I was deeply unhappy to read that the Marshfield School System discouraged students from leaving school to join the nationwide demonstration for school safety. Students needed written permission from a parent to leave school for the 17-minute demonstration. Students without permission were penalized with an unexcused absence. Student organizers were told they could not use school grounds for the demonstration, forcing students to cross a busy street to the opposite sidewalk.
Our students may not be 18, but they are nevertheless citizens with the full range of Constitutional rights and protections. Those who joined the demonstration were exercising their rights of assembly and free speech. And what were they asking for? The right to be safe in their schools. Is this too much to ask? Have we become so paralyzed by partisan politics that we cannot prevail on our representatives to enact reasonable restrictions on the lethality of firearms? Shouldn’t we be able to convince them to appropriate adequate funds to “harden” our schools so that killers can’t waltz in with their assault rifles any old time? That alone will provide more safety than arming every other teacher in our schools with loaded handguns they won’t know how to use nor want to carry.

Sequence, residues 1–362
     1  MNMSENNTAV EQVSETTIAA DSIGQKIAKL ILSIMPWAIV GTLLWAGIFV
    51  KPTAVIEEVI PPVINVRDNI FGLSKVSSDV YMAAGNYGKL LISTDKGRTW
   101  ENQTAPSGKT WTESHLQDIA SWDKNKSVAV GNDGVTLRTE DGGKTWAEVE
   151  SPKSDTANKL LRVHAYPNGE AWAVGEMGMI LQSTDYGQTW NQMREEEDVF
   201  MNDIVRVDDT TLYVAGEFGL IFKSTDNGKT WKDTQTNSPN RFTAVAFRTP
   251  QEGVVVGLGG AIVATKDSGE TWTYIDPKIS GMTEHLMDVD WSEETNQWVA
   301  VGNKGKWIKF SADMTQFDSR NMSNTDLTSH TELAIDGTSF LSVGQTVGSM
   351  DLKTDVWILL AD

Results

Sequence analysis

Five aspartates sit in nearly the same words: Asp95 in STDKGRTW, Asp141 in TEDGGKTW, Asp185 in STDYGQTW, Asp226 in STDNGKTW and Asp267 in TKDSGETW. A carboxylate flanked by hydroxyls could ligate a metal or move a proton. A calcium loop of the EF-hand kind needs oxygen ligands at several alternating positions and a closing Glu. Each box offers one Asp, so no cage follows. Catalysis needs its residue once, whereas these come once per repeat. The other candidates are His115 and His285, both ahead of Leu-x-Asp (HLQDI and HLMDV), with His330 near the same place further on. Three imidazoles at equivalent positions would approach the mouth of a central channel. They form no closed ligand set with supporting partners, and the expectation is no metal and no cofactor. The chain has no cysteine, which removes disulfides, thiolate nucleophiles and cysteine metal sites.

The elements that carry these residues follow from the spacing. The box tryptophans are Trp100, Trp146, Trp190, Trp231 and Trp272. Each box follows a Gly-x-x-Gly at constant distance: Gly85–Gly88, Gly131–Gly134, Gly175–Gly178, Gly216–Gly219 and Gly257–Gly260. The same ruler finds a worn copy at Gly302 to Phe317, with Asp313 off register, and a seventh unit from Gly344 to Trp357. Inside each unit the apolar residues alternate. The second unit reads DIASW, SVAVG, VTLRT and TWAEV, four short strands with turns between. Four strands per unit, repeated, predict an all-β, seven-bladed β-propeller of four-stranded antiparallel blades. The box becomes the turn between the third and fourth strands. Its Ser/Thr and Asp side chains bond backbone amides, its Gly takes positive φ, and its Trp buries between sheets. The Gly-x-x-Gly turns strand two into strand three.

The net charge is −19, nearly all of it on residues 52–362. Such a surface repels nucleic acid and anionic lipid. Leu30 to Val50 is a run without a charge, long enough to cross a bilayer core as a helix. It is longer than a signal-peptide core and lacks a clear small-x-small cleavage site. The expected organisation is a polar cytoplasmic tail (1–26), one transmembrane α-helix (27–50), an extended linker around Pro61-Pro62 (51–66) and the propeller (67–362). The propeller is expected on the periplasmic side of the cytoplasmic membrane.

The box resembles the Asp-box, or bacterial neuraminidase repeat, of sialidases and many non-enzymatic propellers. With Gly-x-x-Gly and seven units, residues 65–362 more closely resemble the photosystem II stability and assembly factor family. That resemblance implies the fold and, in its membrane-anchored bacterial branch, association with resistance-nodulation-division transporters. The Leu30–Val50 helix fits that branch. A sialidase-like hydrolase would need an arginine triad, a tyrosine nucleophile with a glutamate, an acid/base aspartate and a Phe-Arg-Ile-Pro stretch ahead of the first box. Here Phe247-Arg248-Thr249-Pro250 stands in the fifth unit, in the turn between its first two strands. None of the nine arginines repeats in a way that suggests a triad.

The Marshfield School Board and administrators should have recognized the powerful civics lesson our students could have learned by joining the nationwide demonstrations in support of school safety. If the chance comes again, rather than discouraging participation, the Board and administrators should work with student organizers to promote an orderly and meaningful demonstration on school grounds. No doubt a few students will view it as a lark or a chance to skip school for the day. But, the majority will return to their classes with an enhanced appreciation of their rights and responsibilities under the Constitution. And we may hope, indeed we can reasonably expect, that their participation in this remarkable student movement will make them more serious students as they prepare for the time when they will be voting citizens of our Democracy.
Alden R. Carter